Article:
Wall Street Journal: China’s Workers Are Fighting Back as Economic Dream Fades

15 December 2015

China Labour Bulletin is quoted in the following article. Copyright remains with the original publisher.


Dec. 14, 2015

SHENZHEN, China— Li Jiang’s journey from village rice fields to a concrete dorm room of snoring men has played out millions of times as migrant workers have reached for a piece of the China dream.

That dream evaporated in October for Mr. Li. After a decade in this coastal city, he returned to Fuchang Electronic Technology Co. from a weeklong holiday to find the maker of cellphone bodies and set-top boxes had stopped production, leaving him and five family members jobless. In notices on the factory gate, Fuchang blamed a credit squeeze and its own bad management.

With no word on severance, Mr. Li and some 1,000 of Fuchang’s workers took to the streets. The next day, 3,000 protested, workers and labor activists say, fueled by worker anger and social media. “I kept calling people to join,” says 30-year-old Mr. Li. “The more the better to build our strength.”

The Fuchang protest was part of a new wave of labor strife hitting China, one that is larger and angrier than previous rounds, labor experts say.

The Hong Kong-based civic group China Labour Bulletin says strikes and labor protests nationwide nearly doubled in the first 11 months of 2015 to 2,354 from 1,207 in the same 2014 period. China’s labor ministry says 1.56 million labor-dispute cases were accepted for arbitration and mediation in 2014, up from 1.5 million in 2013.

Behind the strife is an economy decelerating faster than the government expected, sparking layoffs and factory closings.Economists say China has struggled to reach its 2015 growth target of about 7%, its slowest pace in 25 years, and most project slower growth next year.

China doesn’t release statistics on factory closings. The number of factories owned by Hong Kong companies in southern Guangdong province, where Shenzhen is located, fell by a third to 32,000 in 2013 from a 2006 peak, according to an analysis by Justina Yung of Hong Kong Polytechnic University for the Federation of Hong Kong Industries, a trade group.

For workers like Mr. Li, such closings represent a failed promise, the fraying of a social compact in China under which migrants accepted grueling shift work and spartan living conditions far from home in exchange for prospects of a better future.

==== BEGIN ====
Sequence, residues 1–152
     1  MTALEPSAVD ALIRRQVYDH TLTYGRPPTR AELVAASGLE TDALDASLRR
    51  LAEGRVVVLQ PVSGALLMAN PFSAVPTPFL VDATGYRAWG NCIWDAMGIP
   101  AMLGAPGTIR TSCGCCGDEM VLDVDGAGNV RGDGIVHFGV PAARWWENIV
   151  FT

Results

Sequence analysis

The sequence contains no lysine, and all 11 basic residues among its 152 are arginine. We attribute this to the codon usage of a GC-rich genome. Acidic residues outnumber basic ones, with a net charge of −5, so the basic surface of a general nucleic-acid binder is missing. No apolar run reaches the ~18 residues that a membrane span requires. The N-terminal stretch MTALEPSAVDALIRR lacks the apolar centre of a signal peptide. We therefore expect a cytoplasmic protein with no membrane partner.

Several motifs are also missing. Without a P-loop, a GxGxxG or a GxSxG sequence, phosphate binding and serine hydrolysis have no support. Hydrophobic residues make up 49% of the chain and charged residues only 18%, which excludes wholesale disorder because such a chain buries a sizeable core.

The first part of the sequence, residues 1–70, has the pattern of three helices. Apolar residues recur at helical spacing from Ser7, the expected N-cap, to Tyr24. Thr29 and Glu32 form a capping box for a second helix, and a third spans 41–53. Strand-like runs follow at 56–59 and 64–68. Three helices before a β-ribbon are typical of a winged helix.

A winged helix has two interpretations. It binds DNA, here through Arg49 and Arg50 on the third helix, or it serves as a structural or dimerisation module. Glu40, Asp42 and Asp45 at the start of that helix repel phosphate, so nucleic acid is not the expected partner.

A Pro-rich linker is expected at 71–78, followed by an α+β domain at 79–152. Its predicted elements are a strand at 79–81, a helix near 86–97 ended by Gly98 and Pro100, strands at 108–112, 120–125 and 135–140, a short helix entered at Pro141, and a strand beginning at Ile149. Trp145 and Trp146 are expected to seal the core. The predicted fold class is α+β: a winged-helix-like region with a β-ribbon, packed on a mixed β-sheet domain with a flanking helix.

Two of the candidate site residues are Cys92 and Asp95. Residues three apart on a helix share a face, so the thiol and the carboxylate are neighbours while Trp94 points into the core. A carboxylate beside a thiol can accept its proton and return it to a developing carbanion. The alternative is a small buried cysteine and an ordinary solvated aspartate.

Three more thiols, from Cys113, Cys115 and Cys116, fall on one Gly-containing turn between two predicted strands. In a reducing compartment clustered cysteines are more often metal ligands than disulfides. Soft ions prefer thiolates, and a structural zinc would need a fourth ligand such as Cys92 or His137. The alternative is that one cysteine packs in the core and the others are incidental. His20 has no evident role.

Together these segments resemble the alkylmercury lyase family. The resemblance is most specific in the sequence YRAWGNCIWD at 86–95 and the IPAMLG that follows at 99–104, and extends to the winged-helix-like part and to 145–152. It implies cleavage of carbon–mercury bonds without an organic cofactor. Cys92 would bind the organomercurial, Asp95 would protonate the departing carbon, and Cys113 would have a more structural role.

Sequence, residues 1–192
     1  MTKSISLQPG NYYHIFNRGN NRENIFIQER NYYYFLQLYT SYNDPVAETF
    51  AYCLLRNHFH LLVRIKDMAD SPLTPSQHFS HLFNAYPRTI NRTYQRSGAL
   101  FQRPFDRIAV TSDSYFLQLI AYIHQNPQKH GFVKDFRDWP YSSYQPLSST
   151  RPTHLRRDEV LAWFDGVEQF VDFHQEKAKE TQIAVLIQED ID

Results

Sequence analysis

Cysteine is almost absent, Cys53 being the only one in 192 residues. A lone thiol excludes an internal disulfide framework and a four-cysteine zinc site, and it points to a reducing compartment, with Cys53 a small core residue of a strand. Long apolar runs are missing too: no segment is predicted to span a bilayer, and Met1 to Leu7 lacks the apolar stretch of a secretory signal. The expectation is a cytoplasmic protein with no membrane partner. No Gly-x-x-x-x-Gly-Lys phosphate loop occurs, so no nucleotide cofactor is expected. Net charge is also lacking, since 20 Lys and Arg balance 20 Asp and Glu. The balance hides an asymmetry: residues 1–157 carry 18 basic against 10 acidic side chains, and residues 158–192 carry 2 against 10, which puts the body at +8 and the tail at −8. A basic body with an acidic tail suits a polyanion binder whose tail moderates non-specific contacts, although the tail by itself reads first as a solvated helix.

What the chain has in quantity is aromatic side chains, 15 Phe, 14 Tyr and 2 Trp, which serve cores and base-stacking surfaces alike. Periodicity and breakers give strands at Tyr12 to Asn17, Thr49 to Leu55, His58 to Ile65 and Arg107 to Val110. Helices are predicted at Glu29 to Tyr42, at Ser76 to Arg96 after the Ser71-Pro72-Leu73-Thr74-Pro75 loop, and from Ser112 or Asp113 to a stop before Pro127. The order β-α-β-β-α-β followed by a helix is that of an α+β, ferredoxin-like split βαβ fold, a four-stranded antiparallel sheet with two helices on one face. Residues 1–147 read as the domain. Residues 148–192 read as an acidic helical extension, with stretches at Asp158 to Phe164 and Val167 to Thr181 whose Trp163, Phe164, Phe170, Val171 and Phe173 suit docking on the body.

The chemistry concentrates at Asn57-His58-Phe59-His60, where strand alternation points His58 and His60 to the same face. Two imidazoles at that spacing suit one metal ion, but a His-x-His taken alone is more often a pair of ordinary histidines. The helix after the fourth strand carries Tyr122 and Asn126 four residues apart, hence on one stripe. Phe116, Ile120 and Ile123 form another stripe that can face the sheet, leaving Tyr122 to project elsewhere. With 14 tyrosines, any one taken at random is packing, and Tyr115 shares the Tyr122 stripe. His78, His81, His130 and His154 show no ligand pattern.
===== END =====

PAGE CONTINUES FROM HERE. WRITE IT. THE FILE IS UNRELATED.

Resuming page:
“Migrant workers have really helped build China, but our rights aren’t protected,” says Mr. Li. “We’re discriminated against, and wealth in society is not fairly distributed.”

Fuchang eventually offered Mr. Li and his fellow workers a partial settlement, and the protests subsided. But the bitterness isn’t dissipating. Some workers have taken Fuchang to arbitration tribunals. Though Mr. Li and one relative eventually found jobs in the city at comparable pay, they say working hours and conditions are worse. His wife, brother, sister-in-law and cousin remain unemployed.

Liu Zehua, a lawyer representing Fuchang and its majority owner, Chen Jinse, says Mr. Chen “is very honest and diligent…But he has limited management abilities. Fuchang’s management wasted money leading to the company’s eventual decline.”

Desperate workers

Early in China’s slowdown, its economy was able to absorb many laborers like Mr. Li and his family. But as the downturn lingers, layoffs are becoming more common and desperate workers are finding few new opportunities—a trend officials and labor experts say is gathering momentum.

Factory employment in China has fallen for 25 months, according to a business-sentiment index released by Caixin, a Chinese magazine. China’s labor ministry says it expects employment to remain stable near term but says the impact of China’s slowdown and restructuring can’t be ignored. China’s Ministry of Public Security didn’t respond to inquiries.

Chinese researchers and business executives say chances are rising that the Communist government may face the kind of social unrest that it has long feared. Chinese authorities recently detained and interrogated over a dozen labor activists, mainly in Guangdong.